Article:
It takes time to recover from bone marrow transplantation (BMT). Expect your child to lack stamina for a period of weeks or months after returning home. Also, it may take up to a year for your child’s immune system to return to normal.
Your child’s doctor will give you specific advice on how to guard against infections during the first year. The doctor will also tell you how to manage any medications your child needs and what to watch for in terms of complications such as graft-versus-host disease (GVHD). To protect your child during the first year post-transplant, the doctor may recommend that your child not return to school for one year, using home tutoring instead. (Children having an autologous transplant, in which their own cells are removed from and then re-infused into their bodies, may not need so many restrictions in the first year after their transplant.)
Routine Doctor Visits
During the first year after transplant, your child will need to be seen regularly for a physical exam, growth and development measurements, blood counts, and kidney and liver function tests. You can come to Seattle Cancer Care Alliance (SCCA) for these regular doctor visits if you live in the Seattle area. But if you live elsewhere, it’s fine to see your family doctor, pediatrician, or pediatric oncologist at home for these routine tests. These visits should happen about once per week for the first month after you return home, then every other week for the next two months, and then once every three or four weeks.
At the end of one year, you and your child should return to SCCA for a long-term follow-up evaluation that will include a special evaluation for late-stage complications such as graft-versus-host disease.
Lifelong Support: Long-Term Follow-Up Program
The SCCA Pediatric Long-Term Follow-Up (LTFU) Program will help you make the transition back home and keep on schedule with your child’s doctor visits. Staff from the LTFU Program will meet with you toward the end of your child’s recovery period and give you a comprehensive transplant discharge evaluation. All this will be coordinated and approved by your child’s SCCA doctor. The Patient & Caregiver Resource Manual that you will receive also contains information about long-term recovery.
Our LTFU Program is one of the oldest, largest, and most experienced in the world. Started in the 1980s, this comprehensive, multidisciplinary program is run by doctors and nurses assigned full time to monitor the health of children who have had a transplant at SCCA. We believe that close monitoring, individualized therapy plans, and ongoing communication with families are the best ways to ensure proper growth and development and avoid GVHD after transplantation.
Frequent clinic visits and tests, telemedicine checks, and ongoing coordination with your primary doctor are important to anticipating and avoiding post-transplant problems. As your child grows and develops, we maintain heightened awareness for the many health concerns that may emerge. Our dedicated LTFU specialists will help you deal with all potential issues.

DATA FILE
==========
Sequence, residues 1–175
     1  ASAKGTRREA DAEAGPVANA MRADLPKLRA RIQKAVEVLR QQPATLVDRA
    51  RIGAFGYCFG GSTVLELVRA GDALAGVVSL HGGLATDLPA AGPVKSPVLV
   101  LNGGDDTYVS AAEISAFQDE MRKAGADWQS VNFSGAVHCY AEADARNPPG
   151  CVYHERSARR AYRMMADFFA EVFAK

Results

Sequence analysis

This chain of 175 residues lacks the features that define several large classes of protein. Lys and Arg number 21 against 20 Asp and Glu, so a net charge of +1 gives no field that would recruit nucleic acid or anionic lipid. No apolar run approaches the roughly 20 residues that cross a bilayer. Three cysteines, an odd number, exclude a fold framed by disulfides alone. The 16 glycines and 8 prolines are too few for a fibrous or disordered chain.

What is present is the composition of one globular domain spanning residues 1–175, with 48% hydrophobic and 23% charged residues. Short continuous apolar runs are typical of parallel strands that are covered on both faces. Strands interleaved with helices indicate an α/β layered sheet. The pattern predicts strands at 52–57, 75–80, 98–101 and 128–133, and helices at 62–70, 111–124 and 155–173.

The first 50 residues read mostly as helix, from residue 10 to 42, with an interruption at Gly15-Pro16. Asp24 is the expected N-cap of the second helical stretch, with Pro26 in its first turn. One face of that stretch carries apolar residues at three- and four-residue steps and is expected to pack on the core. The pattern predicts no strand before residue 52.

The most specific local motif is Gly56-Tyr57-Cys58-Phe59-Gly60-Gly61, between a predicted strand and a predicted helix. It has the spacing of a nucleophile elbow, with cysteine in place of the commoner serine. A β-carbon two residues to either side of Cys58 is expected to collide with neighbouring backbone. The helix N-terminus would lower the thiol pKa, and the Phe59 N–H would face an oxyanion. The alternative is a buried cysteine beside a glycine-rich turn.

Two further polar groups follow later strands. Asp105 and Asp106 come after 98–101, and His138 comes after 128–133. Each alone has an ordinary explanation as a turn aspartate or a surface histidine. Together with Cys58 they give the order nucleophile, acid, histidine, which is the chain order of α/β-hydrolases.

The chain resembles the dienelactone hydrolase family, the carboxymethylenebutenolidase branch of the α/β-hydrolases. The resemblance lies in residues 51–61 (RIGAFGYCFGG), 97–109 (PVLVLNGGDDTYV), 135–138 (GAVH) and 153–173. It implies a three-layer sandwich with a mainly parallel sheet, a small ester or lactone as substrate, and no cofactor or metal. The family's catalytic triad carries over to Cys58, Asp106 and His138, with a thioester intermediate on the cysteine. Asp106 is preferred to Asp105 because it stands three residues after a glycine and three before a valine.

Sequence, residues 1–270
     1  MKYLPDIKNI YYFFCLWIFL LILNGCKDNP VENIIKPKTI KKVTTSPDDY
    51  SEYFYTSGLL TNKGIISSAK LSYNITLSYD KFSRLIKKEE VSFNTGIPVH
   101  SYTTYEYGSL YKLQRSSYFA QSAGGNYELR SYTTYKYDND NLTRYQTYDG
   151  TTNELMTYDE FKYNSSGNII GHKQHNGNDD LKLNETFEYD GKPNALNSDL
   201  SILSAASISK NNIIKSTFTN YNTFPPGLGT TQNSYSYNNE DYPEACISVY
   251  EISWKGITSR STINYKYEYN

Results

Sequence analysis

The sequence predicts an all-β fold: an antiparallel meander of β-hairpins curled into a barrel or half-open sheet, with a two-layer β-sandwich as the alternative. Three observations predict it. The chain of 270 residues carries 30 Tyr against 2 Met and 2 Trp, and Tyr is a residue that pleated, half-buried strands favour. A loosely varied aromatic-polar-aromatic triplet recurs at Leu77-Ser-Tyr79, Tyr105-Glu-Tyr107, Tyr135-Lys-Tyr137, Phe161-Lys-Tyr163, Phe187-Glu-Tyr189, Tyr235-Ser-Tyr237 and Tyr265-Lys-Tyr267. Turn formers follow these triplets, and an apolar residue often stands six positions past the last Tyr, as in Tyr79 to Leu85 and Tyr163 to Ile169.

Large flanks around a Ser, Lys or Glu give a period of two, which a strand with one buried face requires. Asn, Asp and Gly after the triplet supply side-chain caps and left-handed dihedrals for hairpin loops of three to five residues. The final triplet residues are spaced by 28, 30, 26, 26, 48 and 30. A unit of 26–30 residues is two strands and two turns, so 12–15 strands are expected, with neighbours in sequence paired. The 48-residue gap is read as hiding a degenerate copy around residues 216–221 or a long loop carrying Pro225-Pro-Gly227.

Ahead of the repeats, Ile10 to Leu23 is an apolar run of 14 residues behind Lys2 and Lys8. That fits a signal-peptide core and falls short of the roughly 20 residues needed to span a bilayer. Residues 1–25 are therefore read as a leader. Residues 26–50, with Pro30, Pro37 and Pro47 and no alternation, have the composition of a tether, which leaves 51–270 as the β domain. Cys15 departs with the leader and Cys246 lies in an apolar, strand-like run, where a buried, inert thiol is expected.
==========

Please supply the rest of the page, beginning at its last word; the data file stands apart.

Once you are back home, your child will be under the care of your referring doctor. We will give you a packet of information to take with you and give to this doctor. The packet contains a summary of your child’s care at SCCA and recommendations for care in the future. The LTFU Program provides an open line of communication for families as well as their local doctors. You or your child’s doctor can call anytime for advice.
Follow-Up After Transplant for Non-Malignant Disease
The LTFU Program has a clinic especially designed to keep in touch with children who have had BMT to treat a non-malignant disease. SCCA has performed nearly 400 transplants for non-malignant disease in children, and our LTFU doctors and nurses are ready to help parents and doctors deal with the special post-transplant issues that may develop in children with certain rare genetic disorders, immunodeficiencies, or bone marrow failures. Importantly, since these children often receive less intense conditioning, our specialists are skilled in assessing the stem cell graft for mixed chimerism—the mix of donor and patient cells that may determine your child’s return to health as well as their risk of GVHD or other long-term or late risks.
How LTFU Helps You and Your Child
LTFU services include:
- Pre-discharge education on post-transplant care
- Direct communication with your child’s primary doctor and coordination of the long-term treatment and monitoring plan
- Individualized education and monitoring programs aimed at maintaining your child’s normal growth and development and reducing the risk of GVHD
- Very detailed plans to ensure proper handling of the spectrum of potential issues—from medication management, dental care, and vaccinations to gynecological follow-up in girls, as well as graft monitoring and attention to general psychosocial issues.
- Dedicated phone line to special LTFU transplant nurses and doctors to answer any questions or concerns from families or their doctors
- Annual visits at SCCA for routine checkups
- Ongoing studies to measure patient quality of life, side effects, and late effects
- Special programs for successful transition from pediatric to adult long-term health care and self-management
- Regular newsletters, surveys, and support groups for patients and families
If your child had an autologous transplant, you will not face the same long-term issues; if needed, you can plan return visits through our LTFU telemedicine program after you leave.
You can learn more about long-term follow-up on the Fred Hutchinson Cancer Research Center website.